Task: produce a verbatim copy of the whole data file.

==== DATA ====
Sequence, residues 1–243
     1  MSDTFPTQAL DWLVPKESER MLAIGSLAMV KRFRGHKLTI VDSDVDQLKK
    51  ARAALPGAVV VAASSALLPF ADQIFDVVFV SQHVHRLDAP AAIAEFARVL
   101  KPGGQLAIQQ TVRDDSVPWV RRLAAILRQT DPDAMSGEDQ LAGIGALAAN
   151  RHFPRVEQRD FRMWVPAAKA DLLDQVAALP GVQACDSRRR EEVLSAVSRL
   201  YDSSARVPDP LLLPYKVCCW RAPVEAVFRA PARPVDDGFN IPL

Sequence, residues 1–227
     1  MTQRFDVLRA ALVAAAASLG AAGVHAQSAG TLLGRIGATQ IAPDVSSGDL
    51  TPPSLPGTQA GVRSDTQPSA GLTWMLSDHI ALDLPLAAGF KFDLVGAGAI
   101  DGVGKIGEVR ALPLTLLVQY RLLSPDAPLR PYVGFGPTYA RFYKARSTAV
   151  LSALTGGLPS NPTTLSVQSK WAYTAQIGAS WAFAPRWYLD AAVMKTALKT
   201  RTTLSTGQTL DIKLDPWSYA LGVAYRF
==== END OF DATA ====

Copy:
Sequence, residues 1–243
     1  MSDTFPTQAL DWLVPKESER MLAIGSLAMV KRFRGHKLTI VDSDVDQLKK
    51  ARAALPGAVV VAASSALLPF ADQIFDVVFV SQHVHRLDAP AAIAEFARVL
   101  KPGGQLAIQQ TVRDDSVPWV RRLAAILRQT DPDAMSGEDQ LAGIGALAAN
   151  RHFPRVEQRD FRMWVPAAKA DLLDQVAALP GVQACDSRRR EEVLSAVSRL
   201  YDSSARVPDP LLLPYKVCCW RAPVEAVFRA PARPVDDGFN IPL

Sequence, residues 1–227
     1  MTQRFDVLRA ALVAAAASLG AAGVHAQSAG TLLGRIGATQ IAPDVSSGDL
    51  TPPSLPGTQA GVRSDTQPSA GLTWMLSDHI ALDLPLAAGF KFDLVGAGAI
   101  DGVGKIGEVR ALPLTLLVQY RLLSPDAPLR PYVGFGPTYA RFYKARSTAV
   151  LSALTGGLPS NPTTLSVQSK WAYTAQIGAS WAFAPRWYLD AAVMKTALKT
   201  RTTLSTGQTL DIKLDPWSYA LGVAYRF